Launching the new Xeon E5-2600 processors, Diane Bryant, vice president and general manager of Intel's Datacenter and Connected Systems Group heralded an 80% performance gain over the prior generation of Xeon chips.
Bryant, who was Intel's CIO until recently, also highlighted the E5's improved security, bandwidth and power efficiency, touting the chip as ideal for cloud computing.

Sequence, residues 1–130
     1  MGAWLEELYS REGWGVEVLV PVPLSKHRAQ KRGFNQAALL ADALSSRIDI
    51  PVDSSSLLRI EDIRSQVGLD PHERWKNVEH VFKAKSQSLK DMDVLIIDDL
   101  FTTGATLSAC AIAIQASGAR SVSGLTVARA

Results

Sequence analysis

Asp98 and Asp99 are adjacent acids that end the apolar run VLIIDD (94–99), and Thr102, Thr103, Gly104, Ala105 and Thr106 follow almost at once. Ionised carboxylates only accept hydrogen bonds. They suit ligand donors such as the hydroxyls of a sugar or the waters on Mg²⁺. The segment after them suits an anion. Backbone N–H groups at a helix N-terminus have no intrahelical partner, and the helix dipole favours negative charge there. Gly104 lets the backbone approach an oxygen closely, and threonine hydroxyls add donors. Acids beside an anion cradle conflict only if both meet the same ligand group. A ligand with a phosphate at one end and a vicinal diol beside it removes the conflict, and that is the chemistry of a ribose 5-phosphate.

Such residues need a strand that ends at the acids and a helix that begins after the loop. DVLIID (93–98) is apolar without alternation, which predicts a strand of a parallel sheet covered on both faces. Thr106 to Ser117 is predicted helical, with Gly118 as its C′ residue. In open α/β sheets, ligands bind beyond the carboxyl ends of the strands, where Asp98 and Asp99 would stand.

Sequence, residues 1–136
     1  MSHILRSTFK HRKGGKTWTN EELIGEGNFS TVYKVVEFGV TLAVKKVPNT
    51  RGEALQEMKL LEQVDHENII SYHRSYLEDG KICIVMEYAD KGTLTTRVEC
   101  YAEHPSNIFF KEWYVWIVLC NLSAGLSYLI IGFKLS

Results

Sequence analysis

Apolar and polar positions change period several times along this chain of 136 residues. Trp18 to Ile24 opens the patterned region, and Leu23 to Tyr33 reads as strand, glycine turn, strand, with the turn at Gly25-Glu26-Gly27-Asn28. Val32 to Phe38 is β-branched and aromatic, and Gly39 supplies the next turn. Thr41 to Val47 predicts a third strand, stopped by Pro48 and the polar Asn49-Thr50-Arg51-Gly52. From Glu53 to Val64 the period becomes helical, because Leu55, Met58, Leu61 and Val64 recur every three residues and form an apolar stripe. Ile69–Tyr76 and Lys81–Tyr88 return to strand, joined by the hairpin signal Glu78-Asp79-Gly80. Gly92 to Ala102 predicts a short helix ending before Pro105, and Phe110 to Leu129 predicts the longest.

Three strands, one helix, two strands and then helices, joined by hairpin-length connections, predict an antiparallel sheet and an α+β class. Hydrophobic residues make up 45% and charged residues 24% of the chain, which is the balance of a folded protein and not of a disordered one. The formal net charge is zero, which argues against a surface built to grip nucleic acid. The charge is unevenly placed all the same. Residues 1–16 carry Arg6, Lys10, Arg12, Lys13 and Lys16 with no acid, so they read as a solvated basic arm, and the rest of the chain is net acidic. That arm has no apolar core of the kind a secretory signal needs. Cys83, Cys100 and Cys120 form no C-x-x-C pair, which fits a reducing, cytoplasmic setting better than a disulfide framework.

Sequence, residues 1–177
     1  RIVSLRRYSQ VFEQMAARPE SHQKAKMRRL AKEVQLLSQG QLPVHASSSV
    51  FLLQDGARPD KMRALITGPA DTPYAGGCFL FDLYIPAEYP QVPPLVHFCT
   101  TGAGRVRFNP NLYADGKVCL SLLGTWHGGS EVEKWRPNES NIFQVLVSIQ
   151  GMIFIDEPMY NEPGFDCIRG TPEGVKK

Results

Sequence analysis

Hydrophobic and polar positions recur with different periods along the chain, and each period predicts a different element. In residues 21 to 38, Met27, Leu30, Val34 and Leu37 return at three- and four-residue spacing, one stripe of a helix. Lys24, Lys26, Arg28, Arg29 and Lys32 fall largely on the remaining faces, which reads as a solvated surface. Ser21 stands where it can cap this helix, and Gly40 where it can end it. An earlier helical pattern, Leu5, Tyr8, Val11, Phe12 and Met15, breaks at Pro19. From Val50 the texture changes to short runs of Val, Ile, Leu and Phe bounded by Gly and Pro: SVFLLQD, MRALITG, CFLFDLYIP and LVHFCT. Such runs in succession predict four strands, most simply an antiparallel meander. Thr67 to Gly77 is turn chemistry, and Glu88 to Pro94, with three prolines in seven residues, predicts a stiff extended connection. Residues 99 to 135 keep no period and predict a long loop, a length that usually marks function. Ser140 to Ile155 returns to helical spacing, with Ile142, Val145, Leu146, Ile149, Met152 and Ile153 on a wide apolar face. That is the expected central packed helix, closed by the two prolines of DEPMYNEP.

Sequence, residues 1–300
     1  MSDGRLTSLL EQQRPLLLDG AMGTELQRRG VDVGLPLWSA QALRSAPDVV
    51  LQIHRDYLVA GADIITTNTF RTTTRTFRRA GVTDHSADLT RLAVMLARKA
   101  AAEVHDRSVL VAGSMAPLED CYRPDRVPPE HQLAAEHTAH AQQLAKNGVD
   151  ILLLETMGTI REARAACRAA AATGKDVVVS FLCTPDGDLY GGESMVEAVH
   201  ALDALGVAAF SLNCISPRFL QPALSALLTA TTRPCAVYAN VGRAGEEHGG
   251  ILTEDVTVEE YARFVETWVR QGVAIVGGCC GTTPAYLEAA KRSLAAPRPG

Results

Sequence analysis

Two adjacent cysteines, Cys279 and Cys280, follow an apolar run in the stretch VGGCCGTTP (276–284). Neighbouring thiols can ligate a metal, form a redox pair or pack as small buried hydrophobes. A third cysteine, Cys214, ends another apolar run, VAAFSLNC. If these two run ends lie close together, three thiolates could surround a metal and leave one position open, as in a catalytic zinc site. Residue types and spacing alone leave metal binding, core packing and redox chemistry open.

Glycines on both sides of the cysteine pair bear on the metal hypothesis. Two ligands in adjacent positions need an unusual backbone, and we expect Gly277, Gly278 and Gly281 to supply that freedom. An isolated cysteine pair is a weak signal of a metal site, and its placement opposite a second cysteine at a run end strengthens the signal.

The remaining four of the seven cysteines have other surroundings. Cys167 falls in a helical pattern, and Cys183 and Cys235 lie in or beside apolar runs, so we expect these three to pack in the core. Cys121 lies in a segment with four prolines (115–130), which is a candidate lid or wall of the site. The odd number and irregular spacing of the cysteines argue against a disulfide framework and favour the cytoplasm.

"The E5 really is the heart of the data center," she explained, during a keynote presentation at the Contemporary Jewish Museum in downtown San Francisco, pointing to the explosion in consumer gadgets. "Cloud computing allows new services to be rapidly deployed to all of these devices - the result is an ever increasing demand on the data center infrastructure."A host of big-name customers that use Intel's chips, such as HP (HPQ), Dell (DELL), Cisco (CSCO) and Oracle (ORCL), were involved in the glitzy launch event, along with enterprises that rely heavily on Intel technology, such as car giant BMW and Dreamworks Animation. Mario Müller, BMW's vice president of IT Infrastructure, described the huge growth in machine-to-machine communications, which is fueling demand for chips like the E5 Xeon. "Our vehicles are connected to our internal cloud," he said, explaining that this can be used to provide services such as tracking stolen cars. "Soon, we will have more than 10 million vehicles covered - that's one Terabyte of data volume a day." Although better known for its PC processors, Intel has been aggressively ramping up its server business. In 2011, for example, revenue from Intel's Data Center Group climbed 17% year-over-year, surpassing $10 billion for the first time. Bryant said that Intel wants to double this figure by 2015. The no. 1 chip maker, which competes with AMD (AMD) in the PC market, and the popular Qualcomm (QCOM) in smartphones, has certainly been reaping the benefits of an improved IT spending climate.